A bit peaky and washed out…..

That isn’t a description of my general demeanour although at present it would be entirely accurate rather a comment on turf quality this week…

I’d expect turf to look a bit peaky after the sudden temperature drop and for some places, heavy rain of last Friday. When you get 30mm + of rain over a short period you can rest assured that it will have leached most of the available nutrient from the rootzone. Coupled with that we have a plant that was in water conservation mode up until Friday with high temperatures and high humidity and then overnight we go from the high twenties to low double figures. Of course that wasn’t the case everywhere I know, but for the bulk of the U.K, it was.

So it is hardly surprising that the grass plant is feeling a bit out of sorts this week and with a pretty dull week forecast for most, it won’t be receiving a nice tonic of U.V either. My advice would be to gently perk up the greens with a light foliar (if you have a spray window where you are) with more cool-temperature-available N (because it will be a cool week compared to last) than of late and definitely some iron and magnesium. When I say cool temperature nitrogen, I am meaning ammonium sulphate, potassium nitrate and not a lot of N because we have plenty of disease activity out there and we don’t want to encourage it.

Fertiliser and Disease…..

On that note it may be logical to state this but applying nutrient doesn’t directly encourage fungal growth in the case of the fertiliser types I’ve mentioned and Microdochium nivale (Fusarium to you and me but not Kate :)) I did some work recently on lab cultures of Microdochium nivale and none of the typical nitrogen forms we used stimulated growth of the fungus so they’re not directly utilising fertiliser as a food source despite some types of nutrient (urea and methylene urea for example) containing carbon, nitrogen and oxygen.

So when we hear that “fertiliser encourages disease” we must be clear that it isn’t the application of fertiliser itself more the physiological effect on the grass plant. That is to say applying high amounts of immediately-available nitrogen late in the season encourages soft growth with a succulent leaf and correspondingly thin cell wall. It is this thin cell wall and leaf succulence created by over-fertilisation that is the problem, not the fertiliser itself. Obvious I know but worth stating nonetheless.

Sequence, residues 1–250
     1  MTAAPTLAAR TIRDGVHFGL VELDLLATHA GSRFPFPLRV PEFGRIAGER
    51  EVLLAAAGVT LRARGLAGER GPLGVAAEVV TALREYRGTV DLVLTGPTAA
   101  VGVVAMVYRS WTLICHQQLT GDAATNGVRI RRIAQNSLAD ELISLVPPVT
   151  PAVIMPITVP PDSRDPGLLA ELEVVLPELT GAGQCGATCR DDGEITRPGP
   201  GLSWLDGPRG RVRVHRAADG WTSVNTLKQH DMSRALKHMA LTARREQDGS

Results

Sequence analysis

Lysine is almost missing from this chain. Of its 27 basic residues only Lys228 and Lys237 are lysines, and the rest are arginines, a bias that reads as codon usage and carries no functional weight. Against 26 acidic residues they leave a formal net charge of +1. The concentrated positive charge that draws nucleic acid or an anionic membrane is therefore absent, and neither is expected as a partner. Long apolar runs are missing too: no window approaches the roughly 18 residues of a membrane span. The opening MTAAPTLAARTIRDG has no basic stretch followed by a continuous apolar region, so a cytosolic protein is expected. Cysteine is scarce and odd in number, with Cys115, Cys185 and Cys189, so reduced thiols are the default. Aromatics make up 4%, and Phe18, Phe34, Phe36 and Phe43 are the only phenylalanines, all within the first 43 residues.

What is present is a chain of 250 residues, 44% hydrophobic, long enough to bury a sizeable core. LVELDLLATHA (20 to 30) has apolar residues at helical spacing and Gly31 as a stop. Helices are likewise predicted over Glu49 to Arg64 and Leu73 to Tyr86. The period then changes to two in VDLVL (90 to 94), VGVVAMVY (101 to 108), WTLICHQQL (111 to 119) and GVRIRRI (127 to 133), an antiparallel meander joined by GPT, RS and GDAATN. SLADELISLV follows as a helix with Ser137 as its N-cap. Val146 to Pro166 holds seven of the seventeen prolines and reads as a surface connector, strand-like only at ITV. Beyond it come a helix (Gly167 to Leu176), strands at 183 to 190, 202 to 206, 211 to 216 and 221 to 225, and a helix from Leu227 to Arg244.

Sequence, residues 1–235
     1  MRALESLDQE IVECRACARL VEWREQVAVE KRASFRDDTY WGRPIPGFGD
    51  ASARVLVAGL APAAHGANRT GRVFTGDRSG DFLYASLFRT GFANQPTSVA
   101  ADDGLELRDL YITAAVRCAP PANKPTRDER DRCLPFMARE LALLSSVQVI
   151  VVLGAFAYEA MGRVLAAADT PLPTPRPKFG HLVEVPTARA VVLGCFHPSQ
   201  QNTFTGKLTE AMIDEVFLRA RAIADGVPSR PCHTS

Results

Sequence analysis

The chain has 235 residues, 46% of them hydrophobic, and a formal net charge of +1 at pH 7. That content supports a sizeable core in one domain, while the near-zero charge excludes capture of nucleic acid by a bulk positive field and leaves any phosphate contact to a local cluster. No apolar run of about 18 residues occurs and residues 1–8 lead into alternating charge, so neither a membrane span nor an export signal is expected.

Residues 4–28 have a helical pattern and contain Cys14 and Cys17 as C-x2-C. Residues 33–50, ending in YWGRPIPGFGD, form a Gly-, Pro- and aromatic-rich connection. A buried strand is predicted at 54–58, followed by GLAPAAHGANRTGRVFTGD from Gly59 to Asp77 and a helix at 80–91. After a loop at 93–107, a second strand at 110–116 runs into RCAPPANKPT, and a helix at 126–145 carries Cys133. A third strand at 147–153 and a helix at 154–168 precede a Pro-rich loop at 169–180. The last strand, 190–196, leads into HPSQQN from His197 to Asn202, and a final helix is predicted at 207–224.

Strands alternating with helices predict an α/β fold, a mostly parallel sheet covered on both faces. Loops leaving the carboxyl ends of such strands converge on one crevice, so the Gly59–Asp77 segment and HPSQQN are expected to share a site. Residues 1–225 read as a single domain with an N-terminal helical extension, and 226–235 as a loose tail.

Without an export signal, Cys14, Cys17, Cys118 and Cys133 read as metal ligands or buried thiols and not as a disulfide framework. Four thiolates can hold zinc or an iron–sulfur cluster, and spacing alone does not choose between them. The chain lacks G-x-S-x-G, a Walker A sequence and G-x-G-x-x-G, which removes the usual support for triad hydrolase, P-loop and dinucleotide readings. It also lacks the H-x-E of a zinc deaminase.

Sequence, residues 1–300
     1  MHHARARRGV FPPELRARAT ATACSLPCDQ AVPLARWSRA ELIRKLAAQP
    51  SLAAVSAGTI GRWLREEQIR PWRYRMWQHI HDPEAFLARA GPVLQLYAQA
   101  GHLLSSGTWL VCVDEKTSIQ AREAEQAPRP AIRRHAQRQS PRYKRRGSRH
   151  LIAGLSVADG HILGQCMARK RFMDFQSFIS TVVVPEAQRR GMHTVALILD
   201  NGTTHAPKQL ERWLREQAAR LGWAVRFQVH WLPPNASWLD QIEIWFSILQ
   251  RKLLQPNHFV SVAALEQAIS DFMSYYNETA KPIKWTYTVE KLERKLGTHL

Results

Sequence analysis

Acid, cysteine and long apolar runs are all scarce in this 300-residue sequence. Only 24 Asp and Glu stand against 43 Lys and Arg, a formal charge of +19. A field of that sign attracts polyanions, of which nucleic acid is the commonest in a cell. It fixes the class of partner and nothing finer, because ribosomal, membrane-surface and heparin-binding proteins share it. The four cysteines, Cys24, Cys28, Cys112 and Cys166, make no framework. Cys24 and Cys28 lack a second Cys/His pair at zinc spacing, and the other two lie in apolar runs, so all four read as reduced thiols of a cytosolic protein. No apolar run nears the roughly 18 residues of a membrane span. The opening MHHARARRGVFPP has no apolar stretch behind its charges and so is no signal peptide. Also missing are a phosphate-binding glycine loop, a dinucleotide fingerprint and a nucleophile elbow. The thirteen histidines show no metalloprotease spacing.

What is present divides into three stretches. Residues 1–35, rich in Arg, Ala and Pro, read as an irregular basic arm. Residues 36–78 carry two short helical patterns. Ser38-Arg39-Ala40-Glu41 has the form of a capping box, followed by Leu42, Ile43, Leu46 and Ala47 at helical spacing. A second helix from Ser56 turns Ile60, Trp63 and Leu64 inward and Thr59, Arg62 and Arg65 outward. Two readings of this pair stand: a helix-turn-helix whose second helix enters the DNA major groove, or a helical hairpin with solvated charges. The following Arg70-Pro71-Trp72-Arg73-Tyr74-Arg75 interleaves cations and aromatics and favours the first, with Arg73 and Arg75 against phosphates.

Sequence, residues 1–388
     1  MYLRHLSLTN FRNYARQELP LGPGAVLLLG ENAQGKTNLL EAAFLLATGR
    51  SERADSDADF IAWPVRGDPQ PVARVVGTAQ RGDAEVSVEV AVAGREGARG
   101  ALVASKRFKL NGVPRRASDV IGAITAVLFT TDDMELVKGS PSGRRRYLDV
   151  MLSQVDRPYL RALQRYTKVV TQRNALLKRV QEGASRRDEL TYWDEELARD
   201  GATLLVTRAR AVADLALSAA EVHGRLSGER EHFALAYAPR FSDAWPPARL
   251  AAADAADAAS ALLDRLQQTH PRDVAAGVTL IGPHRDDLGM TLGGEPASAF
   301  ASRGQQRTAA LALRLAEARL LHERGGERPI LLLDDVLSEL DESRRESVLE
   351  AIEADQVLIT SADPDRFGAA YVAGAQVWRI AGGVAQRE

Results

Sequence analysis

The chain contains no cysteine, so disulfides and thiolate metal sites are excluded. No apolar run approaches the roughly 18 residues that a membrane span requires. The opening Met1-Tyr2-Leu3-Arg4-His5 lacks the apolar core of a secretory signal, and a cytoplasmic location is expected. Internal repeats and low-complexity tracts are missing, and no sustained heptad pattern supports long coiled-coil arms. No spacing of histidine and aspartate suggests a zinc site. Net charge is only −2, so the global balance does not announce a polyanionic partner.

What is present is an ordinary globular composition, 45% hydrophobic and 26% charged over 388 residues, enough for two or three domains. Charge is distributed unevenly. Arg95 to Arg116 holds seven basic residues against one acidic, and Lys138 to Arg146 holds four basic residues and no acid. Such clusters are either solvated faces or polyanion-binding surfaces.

On the flipside my work has also shown that certain forms of nutrient discourage the growth of Microdochium nivale (and other diseases) on the plant leaf presumably by changing the environment.

Last week was hot but it wasn’t a high E.T week…

So last week in some parts of the country we saw record temperatures with Gravesend (no wonder you always look thin Lee) hitting 34.4°C. So it was a hot and drying week then ?

Well no it wasn’t and that’s because we had high humidity typically touching 95% plus at night and > 85% during some of the days. When the air is full of moisture during high humidity periods it isn’t possible for more moisture to be evaporated off the grass plant or the soil so areas don’t dry out as you might first suspect they would.


That’s where moisture meters really pay their way because rather than reacting to the high temperature by irrigating, you can see clearly how the rootzone is retaining moisture and not drying out and cut your irrigation accordingly. Experience shows a drier leaf is less likely to develop disease.



I’ve been noticing for some while now patches of Pearlwort in fine turf and I think it is a consequence of last winters very mild and very wet weather and also this June’s wet weather as well. Pearlwort likes a wet surface so it serves as a useful indicator that water may be being retained in excessive organic matter (thatch) on a particular green or area of green. It is sometimes hard to differentiate between a patch of perennial Poa and a patch of Pearlwort so if you’re struggling, take a plug from the area and let it grow up on the window sill. You’ll soon notice the different leaf structure and flower buds as well. It’s even harder when you have Pearlwort growing through Poa so growing on a plug is a good way of confirming your hunch. Just to throw a spanner in the works of the wet surface and Pearlwort link, I’ve also seen it on a new sand rootzone which is definitely not sitting wet so it may be like Silver Thread Moss, i.e. a good competitor in very wet and very dry conditions (when grass cover thins)

Worms and Daddy’s

A lot of worm activity out there now after the recent high rainfall. This is a problem we are going to have to think about seriously now if the predicted revocation of Carbendazim does occur at some point next year (Saying that it’s had more combacks than Status Quo so you never know)


Had to chortle at the recent Mirror Headline claiming the likely invasion of 200 Billion Giant Daddy Long Legs is imminent. Obviously penned by someone in London who doesn’t know the difference between a Crane Fly and a House Spider. I suppose the give away should have been the number of legs and absence of wings !!!! 🙂